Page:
In Crown Melbourne Ltd, the High Court held that a statement that lessees “would be looked after at renewal time” did not give rise to an estoppel in favour of the lessees. The judgments of the majority members of the Court should not distract attention from, or suggest a confinement of, the broad inquiry involved in assessing a claim of promissory (or proprietary) estoppel.
For the second time in four years the High Court has considered penalties, but the law remains somewhat fragmented and challenges remain for practitioners seeking to apply it in practice.
Security of Payment: What constitutes a “method of resolving disputes” and the adjudicator’s role in assessing value
In this recent decision, the Court of Appeal held that a mediation-based dispute resolution clause in a construction contract did not oust the jurisdiction of an adjudicator under Victorian security of payment legislation, and that an adjudicator is not bound by a valuation certified by a superintendent under a contract.
Statements made during negotiations: rectification or estoppel where the written agreement differs from the terms of an antecedent bargain?
The New South Wales Court of Appeal has confirmed that rectification of a contract is generally only available to redress a common mistake, and that estoppel is available in respect of pre-contractual representations, even in the face of an entire agreement clause.
When serving an application to set aside a statutory demand interstate, the strict modes prescribed by SEPA trump service under the Corporations Act (or any mode of informal effective service which might otherwise suffice). Practitioners forgetting this may face a rather abrupt conclusion to proceedings.
In a recent decision of the Federal Court of Australia, Allsop CJ (sitting at first instance) has left the door open as to whether the Federal Court of Australia will depart from the (obiter) views of the Victorian Court of Appeal and instead adopt a default indemnity costs rule in arbitration related court proceedings, as is the case in Hong Kong.
The negative effect of the Kompetenz-Kompetenz principle (enshrined in the Model Law on International Commercial Arbitration) requires that courts not make pre-emptive declarations as to arbitral jurisdiction, and adopt a prima facie review when entertaining applications to stay court proceedings. A recent Australian decision threatens to undermine this.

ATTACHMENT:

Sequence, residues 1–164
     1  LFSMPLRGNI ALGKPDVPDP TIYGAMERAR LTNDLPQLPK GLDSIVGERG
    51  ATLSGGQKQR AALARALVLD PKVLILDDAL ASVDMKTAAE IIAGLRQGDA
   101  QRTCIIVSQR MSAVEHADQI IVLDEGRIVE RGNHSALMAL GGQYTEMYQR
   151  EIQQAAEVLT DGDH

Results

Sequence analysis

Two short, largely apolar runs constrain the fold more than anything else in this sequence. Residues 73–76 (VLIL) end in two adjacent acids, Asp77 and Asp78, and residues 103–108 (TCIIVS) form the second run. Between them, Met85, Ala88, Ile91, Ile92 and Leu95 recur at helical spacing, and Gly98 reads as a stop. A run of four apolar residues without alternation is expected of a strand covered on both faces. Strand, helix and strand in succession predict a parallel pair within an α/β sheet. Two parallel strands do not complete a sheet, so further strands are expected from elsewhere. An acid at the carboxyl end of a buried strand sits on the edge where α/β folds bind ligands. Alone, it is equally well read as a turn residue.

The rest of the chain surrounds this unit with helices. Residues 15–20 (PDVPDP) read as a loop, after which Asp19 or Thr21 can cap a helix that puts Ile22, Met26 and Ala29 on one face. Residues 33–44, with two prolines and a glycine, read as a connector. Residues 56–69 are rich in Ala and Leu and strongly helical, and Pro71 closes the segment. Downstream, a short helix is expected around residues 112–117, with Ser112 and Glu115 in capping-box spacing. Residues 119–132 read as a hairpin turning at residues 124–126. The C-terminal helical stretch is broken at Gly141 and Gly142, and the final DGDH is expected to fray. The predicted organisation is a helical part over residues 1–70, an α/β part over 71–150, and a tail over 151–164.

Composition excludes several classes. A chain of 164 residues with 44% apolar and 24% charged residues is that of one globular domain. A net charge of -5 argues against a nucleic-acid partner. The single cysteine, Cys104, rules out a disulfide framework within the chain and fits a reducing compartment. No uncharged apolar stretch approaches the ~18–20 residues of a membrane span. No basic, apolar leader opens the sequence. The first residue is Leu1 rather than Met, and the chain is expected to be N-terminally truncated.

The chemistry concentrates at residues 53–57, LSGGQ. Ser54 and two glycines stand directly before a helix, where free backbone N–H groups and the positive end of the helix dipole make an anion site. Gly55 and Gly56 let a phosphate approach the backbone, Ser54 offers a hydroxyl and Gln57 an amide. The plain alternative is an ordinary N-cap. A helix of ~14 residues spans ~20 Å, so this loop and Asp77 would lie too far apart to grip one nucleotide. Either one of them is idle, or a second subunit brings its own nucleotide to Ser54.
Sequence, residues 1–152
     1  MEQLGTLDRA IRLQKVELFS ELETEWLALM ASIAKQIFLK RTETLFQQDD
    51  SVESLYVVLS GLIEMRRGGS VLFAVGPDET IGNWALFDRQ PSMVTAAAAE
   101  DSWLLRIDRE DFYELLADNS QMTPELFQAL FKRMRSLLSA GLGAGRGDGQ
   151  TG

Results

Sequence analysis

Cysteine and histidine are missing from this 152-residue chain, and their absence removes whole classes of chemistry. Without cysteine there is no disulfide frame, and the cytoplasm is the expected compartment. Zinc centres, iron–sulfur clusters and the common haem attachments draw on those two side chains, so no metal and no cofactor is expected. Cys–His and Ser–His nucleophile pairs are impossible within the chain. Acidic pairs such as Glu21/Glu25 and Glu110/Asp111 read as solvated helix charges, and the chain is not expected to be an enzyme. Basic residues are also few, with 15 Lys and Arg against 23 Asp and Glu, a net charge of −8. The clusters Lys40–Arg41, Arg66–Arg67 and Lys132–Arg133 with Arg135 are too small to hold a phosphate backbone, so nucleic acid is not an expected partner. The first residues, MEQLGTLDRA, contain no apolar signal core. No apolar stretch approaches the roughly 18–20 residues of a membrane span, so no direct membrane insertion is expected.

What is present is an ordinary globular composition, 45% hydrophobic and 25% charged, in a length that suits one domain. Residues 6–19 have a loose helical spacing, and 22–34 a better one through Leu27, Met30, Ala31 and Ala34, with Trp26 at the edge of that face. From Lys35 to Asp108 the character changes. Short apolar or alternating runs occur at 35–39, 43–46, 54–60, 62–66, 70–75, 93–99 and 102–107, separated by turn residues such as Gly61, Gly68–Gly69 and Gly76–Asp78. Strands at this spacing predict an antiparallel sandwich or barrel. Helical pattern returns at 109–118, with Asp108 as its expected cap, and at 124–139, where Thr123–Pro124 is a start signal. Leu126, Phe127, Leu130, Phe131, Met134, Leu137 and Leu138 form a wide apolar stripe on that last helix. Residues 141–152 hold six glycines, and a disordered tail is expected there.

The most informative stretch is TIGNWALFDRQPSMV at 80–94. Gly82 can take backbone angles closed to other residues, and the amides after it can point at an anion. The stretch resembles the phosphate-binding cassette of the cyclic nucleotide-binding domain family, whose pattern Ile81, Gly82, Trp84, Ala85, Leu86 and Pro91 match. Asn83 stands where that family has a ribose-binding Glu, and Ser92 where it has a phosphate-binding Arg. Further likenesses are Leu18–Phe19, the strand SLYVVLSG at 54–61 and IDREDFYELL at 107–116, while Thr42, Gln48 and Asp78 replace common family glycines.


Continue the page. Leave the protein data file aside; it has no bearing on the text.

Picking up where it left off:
This recent decision of the Arbitration List judge of the Supreme Court of Victoria suggests that the requirement that parties will be given a “reasonable opportunity” to present their case will be viewed robustly by a supervising court and not through the prism of domestic court litigation
In its first decision, the SICC has determined a series of preliminary questions in a Singapore law-governed contract dispute, including questions of illegality under Indonesian law
The Supreme Court of New South Wales has accepted that shareholders can rely on ‘market-based causation’ to found claims for loss flowing from a company releasing misleading financial information to the market. However, the decision raises a few more questions as it provides a much-anticipated answer.
In a unanimous judgment the High Court upheld the constitutional validity of Senate voting reforms designed to put an end to preference deals
Divergence in summary disposal of cases shown by contrasting recent decisions by the Courts of Appeal in Victoria and New South Wales
The decision of the New South Wales Court of Appeal demonstrates how a strict approach to granting summary judgment still prevails in that jurisdiction. There is in pronounced contrast to the post – Civil Procedure Act landscape in Victoria, where novel claims (unknown to Australian law in its current state) need to be supported by compelling submissions in order to survive the ‘no real prospects of success test’.
Bond’s Bell group litigation never dies: High Court strikes down WA laws as constitutionally invalid
Alan Bond passed away last year, but the legal battles over the 1990 collapse of his Bell Group companies may yet continue. The High Court has declared state legislation, which was designed to end the long-running litigation by short-circuiting certain aspects of the Corporations Act 2001 (C’th), constitutionally invalid.
The High Court has confirmed that Tabcorp was not entitled to a statutory termination payment in the amount of $686.8 million following the State’s decision not to renew Tabcorp’s gaming licence.